Lot 704. A painted 'Cizhou' jar, Song-Jin dynasty (960-1234). Height 5 5/8 in., 14.3 cm. Estimate 30,000 — 50,000 USD. © Sotheby's.
well-potted, of slightly compressed globular form rising from a short spreading foot, the body deftly painted on the exterior with a wide, continuous band of interlaced 'cash' symbols in dark brown slip against an ivory-white ground, all beneath a lustrous transparent glaze stopping short of the base revealing the buff-colored stoneware body, the interior a plain creamy-white.
Provenance: Collection of Mrs. Potter Palmer (1849-1918) and thence by descent.
Gifted to the Art Institute of Chicago, Chicago by Bertha Palmer Thorne (1911-1974) in 1973 (acc. no. 1973. 825).
Literature: Freedom of Clay and Brush through Seven Centuries in Northern China: Tz'u-chou Type Wares, 960-1600 A.D., Indianapolis Museum of Art, Indianapolis, 1980, p. 152, fig. 173.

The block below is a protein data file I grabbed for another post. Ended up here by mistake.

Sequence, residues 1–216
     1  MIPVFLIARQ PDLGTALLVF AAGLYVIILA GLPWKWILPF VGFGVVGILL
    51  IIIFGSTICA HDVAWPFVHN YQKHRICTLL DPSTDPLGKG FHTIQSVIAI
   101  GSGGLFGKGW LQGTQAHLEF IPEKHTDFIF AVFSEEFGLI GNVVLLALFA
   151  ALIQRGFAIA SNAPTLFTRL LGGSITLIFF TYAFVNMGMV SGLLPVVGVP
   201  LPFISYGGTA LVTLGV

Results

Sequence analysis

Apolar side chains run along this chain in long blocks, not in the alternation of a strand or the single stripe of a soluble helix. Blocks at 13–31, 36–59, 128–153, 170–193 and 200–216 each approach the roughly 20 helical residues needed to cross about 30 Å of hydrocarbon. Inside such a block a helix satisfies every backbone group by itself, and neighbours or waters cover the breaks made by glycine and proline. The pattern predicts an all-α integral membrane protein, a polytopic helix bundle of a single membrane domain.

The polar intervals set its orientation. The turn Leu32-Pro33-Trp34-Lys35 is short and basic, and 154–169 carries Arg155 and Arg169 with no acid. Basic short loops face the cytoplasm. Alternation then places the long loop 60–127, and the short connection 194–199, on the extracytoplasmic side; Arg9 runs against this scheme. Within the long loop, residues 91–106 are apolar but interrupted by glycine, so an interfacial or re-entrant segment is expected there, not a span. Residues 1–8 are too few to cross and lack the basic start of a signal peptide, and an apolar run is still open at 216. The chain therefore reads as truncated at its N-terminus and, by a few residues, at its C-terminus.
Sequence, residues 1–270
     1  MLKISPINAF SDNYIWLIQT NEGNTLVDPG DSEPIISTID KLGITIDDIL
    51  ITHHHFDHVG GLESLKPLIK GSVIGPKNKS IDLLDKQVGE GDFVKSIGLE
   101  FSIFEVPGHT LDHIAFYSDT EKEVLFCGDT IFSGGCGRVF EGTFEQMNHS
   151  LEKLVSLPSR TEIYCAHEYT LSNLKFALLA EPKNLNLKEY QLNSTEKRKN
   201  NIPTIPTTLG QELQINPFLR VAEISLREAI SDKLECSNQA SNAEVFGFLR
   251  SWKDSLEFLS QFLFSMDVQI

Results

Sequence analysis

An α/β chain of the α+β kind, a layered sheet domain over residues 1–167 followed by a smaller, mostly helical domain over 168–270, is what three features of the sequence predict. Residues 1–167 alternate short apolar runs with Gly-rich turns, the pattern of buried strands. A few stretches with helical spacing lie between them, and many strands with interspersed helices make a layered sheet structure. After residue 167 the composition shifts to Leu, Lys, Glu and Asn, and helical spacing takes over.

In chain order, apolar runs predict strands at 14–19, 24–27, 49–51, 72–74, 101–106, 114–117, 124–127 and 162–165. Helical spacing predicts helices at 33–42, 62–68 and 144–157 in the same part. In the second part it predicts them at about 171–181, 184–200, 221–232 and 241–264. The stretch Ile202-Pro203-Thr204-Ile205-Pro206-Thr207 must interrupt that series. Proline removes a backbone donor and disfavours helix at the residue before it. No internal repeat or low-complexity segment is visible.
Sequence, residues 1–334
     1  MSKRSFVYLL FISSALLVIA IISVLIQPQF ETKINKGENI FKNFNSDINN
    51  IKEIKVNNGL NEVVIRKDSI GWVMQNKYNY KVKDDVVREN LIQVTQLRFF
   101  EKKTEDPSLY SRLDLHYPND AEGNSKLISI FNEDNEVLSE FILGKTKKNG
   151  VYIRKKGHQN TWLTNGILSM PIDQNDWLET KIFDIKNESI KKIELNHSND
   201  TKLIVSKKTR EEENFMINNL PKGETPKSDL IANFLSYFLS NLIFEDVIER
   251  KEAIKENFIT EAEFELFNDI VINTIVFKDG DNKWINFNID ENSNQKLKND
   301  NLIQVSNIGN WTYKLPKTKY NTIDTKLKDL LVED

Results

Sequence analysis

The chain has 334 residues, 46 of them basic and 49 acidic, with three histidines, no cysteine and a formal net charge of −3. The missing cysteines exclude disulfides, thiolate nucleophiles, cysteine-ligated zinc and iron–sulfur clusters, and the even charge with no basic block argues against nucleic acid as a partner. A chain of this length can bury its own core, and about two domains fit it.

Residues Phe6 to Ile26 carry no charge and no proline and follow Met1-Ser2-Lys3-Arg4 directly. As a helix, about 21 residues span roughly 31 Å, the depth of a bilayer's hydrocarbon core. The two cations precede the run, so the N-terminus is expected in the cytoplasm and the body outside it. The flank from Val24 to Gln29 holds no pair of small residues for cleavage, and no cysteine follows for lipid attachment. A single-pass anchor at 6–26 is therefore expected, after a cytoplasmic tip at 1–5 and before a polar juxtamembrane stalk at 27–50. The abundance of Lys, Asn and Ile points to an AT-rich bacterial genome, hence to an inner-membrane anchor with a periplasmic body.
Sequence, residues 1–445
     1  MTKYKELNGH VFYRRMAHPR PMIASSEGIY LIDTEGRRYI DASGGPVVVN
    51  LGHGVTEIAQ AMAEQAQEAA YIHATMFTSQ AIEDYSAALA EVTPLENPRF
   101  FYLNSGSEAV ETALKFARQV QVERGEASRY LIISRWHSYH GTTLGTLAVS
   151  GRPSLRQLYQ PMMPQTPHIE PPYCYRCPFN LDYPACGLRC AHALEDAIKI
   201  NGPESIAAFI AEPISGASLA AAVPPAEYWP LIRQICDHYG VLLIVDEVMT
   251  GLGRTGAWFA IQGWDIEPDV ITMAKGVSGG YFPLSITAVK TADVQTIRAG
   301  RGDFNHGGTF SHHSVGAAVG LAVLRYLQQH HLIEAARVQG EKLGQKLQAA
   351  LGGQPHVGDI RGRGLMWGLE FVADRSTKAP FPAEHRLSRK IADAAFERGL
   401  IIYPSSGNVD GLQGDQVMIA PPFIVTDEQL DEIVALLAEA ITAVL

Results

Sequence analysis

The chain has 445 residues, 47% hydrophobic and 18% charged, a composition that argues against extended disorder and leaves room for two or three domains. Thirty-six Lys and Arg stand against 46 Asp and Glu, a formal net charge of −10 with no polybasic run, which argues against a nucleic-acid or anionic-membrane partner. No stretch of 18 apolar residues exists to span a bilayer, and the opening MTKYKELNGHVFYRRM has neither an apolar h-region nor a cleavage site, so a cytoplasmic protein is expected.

Note: Usually painted with floral motifs, examples decorated with similar 'cash' patterns are exceptionally rare. An incised jar of the same form and decoration but with the design in white on a dark brown ground, from the Linyushanren Collection, is illustrated in several publications including Special Exhibition, Charm of Black & White Ware; Transition of Cizhou Type Wares, The Osaka Municipal Art Museum, Osaka, 2002, cat. no. 47, and was sold at Christie's New York, 22nd March 2018, lot 508. For a vessel of the same form with dark brown painted floral decoration, see an example excavated at the Guantai kiln, Hebei, illustrated in Guantai Cizhou yaozhi [The Cizhou Kiln Site at Guantai], Beijing, 1997, pl. XIV, no. 2.